Cardiac arrest and heart attacks are both extremely dangerous conditions that require immediate medical attention. Many people confuse the two and use the terms interchangeably, but they are not the same. The American Heart Association describes cardiac arrest as an “electrical problem”, and a heart attack as a “circulation problem”.
Cardiac arrest is an electrical malfunction that disrupts the heart’s pumping action, causing the heart to suddenly stop beating. This limits blood flow to the brain and other organs, which can lead to fainting, leave a person disabled, or become fatal if not treated immediately. Symptoms of cardiac arrest include:
- Loss of consciousness
- Gasping or person ceases breathing
- No pulse
Abnormal heart rhythms (arrhythmias), congenital heart defects, coronary heart disease, and blunt chest trauma can all cause a person to go into cardiac arrest. Time is crucial when treating someone experiencing cardiac arrest. If someone is suffering from cardiac arrest, CPR should be the first line of treatment. When emergency personnel arrive, they will use a defibrillator to send an electric shock to the heart to get it pumping again.
The Link between Cardiac Arrest and Heart Attacks
Heart attacks occur when a blockage or clog prevent blood flow to the heart muscle. Heart attacks are very common, with over 3 million cases occurring in the U.S. each year. In some cases, cardiac arrest is the first symptom of a heart attack.
Symptoms of a heart attack vary. Women are more likely to experience fatigue, difficulty breathing, nausea, and pain in their arms, abdomen, backs, shoulders, and neck. Men commonly experience chest pain (angina) and indigestion.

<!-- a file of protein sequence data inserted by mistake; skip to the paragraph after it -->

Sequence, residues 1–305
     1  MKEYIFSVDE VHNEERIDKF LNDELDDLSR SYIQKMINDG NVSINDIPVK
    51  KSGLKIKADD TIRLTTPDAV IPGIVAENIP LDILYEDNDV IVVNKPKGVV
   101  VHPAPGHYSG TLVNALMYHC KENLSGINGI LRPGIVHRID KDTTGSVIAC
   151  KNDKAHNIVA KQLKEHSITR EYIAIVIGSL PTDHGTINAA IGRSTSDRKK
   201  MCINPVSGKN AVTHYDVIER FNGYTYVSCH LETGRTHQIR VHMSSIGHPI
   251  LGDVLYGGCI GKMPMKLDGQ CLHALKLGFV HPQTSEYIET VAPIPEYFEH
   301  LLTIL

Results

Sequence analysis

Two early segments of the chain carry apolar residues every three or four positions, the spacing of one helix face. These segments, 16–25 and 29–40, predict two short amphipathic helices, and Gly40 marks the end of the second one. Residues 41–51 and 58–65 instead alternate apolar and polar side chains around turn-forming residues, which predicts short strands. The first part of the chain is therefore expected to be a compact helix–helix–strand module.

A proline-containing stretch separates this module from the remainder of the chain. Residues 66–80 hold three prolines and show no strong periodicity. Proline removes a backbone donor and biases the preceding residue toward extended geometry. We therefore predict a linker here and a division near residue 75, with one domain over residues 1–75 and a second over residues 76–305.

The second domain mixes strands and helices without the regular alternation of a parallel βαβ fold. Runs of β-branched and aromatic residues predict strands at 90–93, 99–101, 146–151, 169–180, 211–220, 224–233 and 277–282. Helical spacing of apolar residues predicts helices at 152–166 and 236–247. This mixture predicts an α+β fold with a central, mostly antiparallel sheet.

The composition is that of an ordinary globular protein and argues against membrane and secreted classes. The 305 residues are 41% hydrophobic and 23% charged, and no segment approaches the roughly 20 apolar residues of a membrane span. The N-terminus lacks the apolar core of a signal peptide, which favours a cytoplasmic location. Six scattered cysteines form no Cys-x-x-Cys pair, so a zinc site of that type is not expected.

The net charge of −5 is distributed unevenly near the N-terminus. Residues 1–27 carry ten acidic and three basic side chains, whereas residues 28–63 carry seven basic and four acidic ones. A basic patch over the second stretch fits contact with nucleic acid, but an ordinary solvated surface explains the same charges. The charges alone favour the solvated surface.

Heart attack survivors are at an increased risk of suffering from cardiac arrest. Heart attacks, or residual scar tissue from a previous heart attack can trigger ventricular fibrillation, a type of abnormal heart rhythm, which can lead to cardiac arrest.
Heart attacks and sudden cardiac arrest are two distinct heart conditions that can lead to death. Heart attacks can lead to cardiac arrest at the onset or in recovery. Heart attacks are a common cause of cardiac arrest, but cardiac arrest can also occur due to other causes.
Recovery from a heart attack and cardiac arrest depends on the immediate care provided. The probability of meaningful survival is improved with fast, appropriate medical care.
Prevention of heart attack and cardiac arrest is the best way to protect against these deadly medical conditions. Regular screenings with your doctor and early detection of heart disease or other conditions that affect the heart can help lower your risk of a heart attack or cardiac arrest.
Road to Recovery
After a heart attack, it’s important to adopt healthy lifestyle habits as soon as possible to decrease the likelihood of a second attack. Diet, exercise and smoking cessation are important first steps. Your healthcare team will develop a recovery plan that may include starting medication to help prevent another heart attack.
The outlook and recovery time for someone who has experienced cardiac arrest is dependent on how quickly their heart was resuscitated, and how healthy the individual was during the event. If a person was in overall good health, and did not suffer any injury or broken bones when receiving CPR, they may experience a shorter recovery time.
The quicker you act in the event of cardiac arrest or a heart attack, the better your survival rate will be. Regular screenings with your doctor and early detection of heart disease or other conditions that affect the heart can help lower your risk of a heart attack of cardiac arrest.
Call (716) 677-6800 today to schedule an appointment with one of our cardiac specialists today.